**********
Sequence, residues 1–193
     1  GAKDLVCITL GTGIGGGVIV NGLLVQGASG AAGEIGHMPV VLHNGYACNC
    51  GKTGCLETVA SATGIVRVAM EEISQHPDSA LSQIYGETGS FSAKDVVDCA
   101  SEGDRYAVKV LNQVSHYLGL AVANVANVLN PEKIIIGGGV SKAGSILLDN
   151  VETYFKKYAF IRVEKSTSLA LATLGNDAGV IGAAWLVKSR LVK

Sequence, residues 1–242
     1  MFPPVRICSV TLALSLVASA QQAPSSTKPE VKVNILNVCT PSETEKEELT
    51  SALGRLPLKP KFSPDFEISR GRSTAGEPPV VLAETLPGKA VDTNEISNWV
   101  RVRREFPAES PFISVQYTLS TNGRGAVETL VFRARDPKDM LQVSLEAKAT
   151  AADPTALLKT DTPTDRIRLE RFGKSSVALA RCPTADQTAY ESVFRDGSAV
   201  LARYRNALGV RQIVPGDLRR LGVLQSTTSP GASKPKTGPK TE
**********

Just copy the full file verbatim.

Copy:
Sequence, residues 1–193
     1  GAKDLVCITL GTGIGGGVIV NGLLVQGASG AAGEIGHMPV VLHNGYACNC
    51  GKTGCLETVA SATGIVRVAM EEISQHPDSA LSQIYGETGS FSAKDVVDCA
   101  SEGDRYAVKV LNQVSHYLGL AVANVANVLN PEKIIIGGGV SKAGSILLDN
   151  VETYFKKYAF IRVEKSTSLA LATLGNDAGV IGAAWLVKSR LVK

Sequence, residues 1–242
     1  MFPPVRICSV TLALSLVASA QQAPSSTKPE VKVNILNVCT PSETEKEELT
    51  SALGRLPLKP KFSPDFEISR GRSTAGEPPV VLAETLPGKA VDTNEISNWV
   101  RVRREFPAES PFISVQYTLS TNGRGAVETL VFRARDPKDM LQVSLEAKAT
   151  AADPTALLKT DTPTDRIRLE RFGKSSVALA RCPTADQTAY ESVFRDGSAV
   201  LARYRNALGV RQIVPGDLRR LGVLQSTTSP GASKPKTGPK TE